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The Good Soldier Švejk

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Franz Ferdinand and Sophie leave the Sarajevo Town Hall, five minutes before the assassination, 28 June 1914.

The Fateful Adventures of the Good Soldier Švejk is a novel with an unusually rich array of characters. In addition to the many who directly form part of the plot, a large number of fictive and real people (and animals) are mentioned; either through Švejk's anecdotes, the narrative or indirectly through words and expressions.

This web page contains short write-ups on the persons the novel refers to; from Napoléon in the introduction to captain Ságner in the last few lines of the unfinished Book Four. The list is sorted in to the order of which the names first appear. The chapter headlines are from Zenny K. Sadlon's recent translation and will in most cases differ from Cecil Parrott's version from 1973. In January 2014 there were still around twenty entries to be added.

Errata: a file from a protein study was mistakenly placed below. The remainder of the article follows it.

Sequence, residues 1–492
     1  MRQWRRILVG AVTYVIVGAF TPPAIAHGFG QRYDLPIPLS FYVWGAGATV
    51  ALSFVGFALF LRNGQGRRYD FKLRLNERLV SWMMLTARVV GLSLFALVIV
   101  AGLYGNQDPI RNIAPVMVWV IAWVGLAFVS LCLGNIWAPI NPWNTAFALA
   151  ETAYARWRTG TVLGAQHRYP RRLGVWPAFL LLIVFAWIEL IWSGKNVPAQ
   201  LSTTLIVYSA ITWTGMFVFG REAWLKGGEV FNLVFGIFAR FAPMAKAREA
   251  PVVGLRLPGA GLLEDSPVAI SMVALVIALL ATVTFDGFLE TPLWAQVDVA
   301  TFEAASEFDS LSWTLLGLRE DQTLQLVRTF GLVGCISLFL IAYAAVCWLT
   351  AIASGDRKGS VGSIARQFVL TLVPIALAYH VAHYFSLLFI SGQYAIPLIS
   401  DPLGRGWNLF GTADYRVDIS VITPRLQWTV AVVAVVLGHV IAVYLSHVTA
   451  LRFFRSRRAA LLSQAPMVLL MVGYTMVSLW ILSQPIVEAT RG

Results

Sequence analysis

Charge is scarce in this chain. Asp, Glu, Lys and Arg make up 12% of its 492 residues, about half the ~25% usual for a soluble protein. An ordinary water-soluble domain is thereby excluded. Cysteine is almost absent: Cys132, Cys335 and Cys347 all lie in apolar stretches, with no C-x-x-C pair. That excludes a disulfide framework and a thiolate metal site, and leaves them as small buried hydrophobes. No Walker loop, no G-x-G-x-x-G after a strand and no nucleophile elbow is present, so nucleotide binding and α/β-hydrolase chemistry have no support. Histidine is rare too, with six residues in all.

• The quotes in Czech are copied from the on-line version of the novel provided by Jaroslav Šerák and contain links to the relevant chapter
  • The tool-bar has links for direct access to Wikipedia, Google search and Švejk on-line

The names are colored according to their role in the novel, illustrated by the following examples: Doctor Grünstein who is directly involved in the plot, Heinrich Heine as a historical person, and Ferdinand Kokoška as an invented person. Note that a number of seemingly fictive characters are modelled after very real living persons. See for instance Lukáš and Wenzl.